07/27/2003 6:35 PM ET
Carter dedicates speech to parents
Hall of Fame: Complete coverage
By Barry M. Bloom / MLB.com
COOPERSTOWN, N.Y. -- Gary Carter will always be "The Kid" at heart, he told a gathering of 18,000 people seated in the rolling meadow behind the Clark Sports Complex on Sunday. But at 49 years old the body isn't as willing.
"It's nice to know that even though my body feels like an old man now, I will always be a kid at heart," he said as he concluded his Hall of Fame induction speech. "I love this great game. I'm so honored to be in Cooperstown as a Hall of Famer."
With that, Carter joined Eddie Murray as the newest inductees in baseball's most hallowed shrine -- the red-bricked edifice on Main Street in this hamlet by the shores of Lake Otesaga. Their plaques were hung in the gallery only hours after the ceremonies.
Carter, who starred for the Montreal Expos and New York Mets in his 19-year career, had to fight back tears several times as he accepted an honor he had long coveted. Carter's name was on the ballot six times before he was elected this past December by members of the Baseball Writers Association of America. He had to be selected by 75 percent of the voters.
Gary Carter's Hall of Fame plaque
The wait had its sad downside. Carter's father, Jim, died at 84 of congenital heart failure this past Jan. 25, just about one month after he was elected. When Carter was 12, his mother, Inge, passed away after a long bout with leukemia.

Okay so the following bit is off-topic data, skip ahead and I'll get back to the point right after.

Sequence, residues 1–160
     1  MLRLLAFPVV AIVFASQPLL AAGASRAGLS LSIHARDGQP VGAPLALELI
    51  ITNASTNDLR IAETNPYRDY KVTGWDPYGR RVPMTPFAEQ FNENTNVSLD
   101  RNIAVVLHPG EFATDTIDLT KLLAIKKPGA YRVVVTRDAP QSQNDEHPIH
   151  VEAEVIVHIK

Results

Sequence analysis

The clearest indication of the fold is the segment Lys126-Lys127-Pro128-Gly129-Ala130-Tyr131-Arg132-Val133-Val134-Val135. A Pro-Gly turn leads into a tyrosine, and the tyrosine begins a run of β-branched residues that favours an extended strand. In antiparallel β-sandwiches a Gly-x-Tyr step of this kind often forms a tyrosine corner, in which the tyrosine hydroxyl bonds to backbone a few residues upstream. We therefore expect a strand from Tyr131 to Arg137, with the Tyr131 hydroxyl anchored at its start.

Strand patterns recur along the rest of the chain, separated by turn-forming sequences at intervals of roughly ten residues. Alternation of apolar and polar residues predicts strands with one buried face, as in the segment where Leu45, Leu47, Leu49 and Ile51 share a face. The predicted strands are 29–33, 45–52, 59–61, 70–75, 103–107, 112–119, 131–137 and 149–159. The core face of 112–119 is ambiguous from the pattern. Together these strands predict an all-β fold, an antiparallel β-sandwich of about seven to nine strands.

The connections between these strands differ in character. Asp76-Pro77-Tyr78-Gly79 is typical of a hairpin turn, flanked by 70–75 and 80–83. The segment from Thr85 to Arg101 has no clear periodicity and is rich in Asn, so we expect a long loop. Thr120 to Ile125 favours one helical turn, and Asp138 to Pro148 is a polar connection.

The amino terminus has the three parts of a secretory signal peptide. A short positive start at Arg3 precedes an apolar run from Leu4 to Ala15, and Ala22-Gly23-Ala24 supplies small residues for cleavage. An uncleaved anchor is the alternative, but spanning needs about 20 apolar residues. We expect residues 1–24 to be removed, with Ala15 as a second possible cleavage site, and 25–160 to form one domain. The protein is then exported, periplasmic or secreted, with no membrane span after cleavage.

Carter became very emotional at the juncture in the speech he memorialized his parents.
"I've said to a lot of people that father's on my right shoulder today and my mom's on my left," Carter said, barely choking back tears. "I love my parents very, very much. I only had my mother until I was 12 years of age. But I always felt her presence throughout my career.
"My father, who inherited the responsibility of both parents, didn't have a mean bone in his body," Carter said. "He always had a smile for everyone. He was always there for me. He coached me in Little League, Pony League and American Legion and also supported me in any other sport I played, consistently encouraging me."
That death led to a traumatic time in Carter's family life, said Carter's older brother, Gordy, who was seated in the audience. Until then, they had been the consummate California family.
Gordy, four years his elder, ultimately became a role model to Carter.
"I had to step in when my mother died and act not only as Gary's brother, but his mentor," he said after the ceremonies. "It was quite trying for all of us."
Carter barely was able to get through the tribute to his brother and had to stop the speech as their eyes met. Gordy also appeared to be on the verge of crying.
"I thank you for being such an amazing role model to me growing up," Carter said, his voice cracking. "It meant so much to me that you would always allow me to play ball with you and your friends even if I did bug you all the time. You were the one who influenced me to always strive to do my best. I always tried to be your shadow and looked up to you in so many ways."
At a press conference after the ceremony, Carter still found it difficult when he began remembering that time in his life and the last years of his father's existence.
His dad's health had deteriorated to such a degree he had to be moved in 2001 to an assisted living facility.
"That was very devastating to him to have to make that transition," Carter said. "He had to move out of his home he had lived in and been a part of for 25 years and move into a place just to get his three meals a day and all."
Carter added that it was too painful to get into any more detail in front of an audience.
"In this case, talking about my dad was not easy," Carter said. "And I got through of it primarily because I know that he knows I'm in the Hall of Fame. I knew he was here in spirit."
Barry M. Bloom is a national reporter for MLB.com. This story was not subject to the approval of Major League Baseball or its clubs.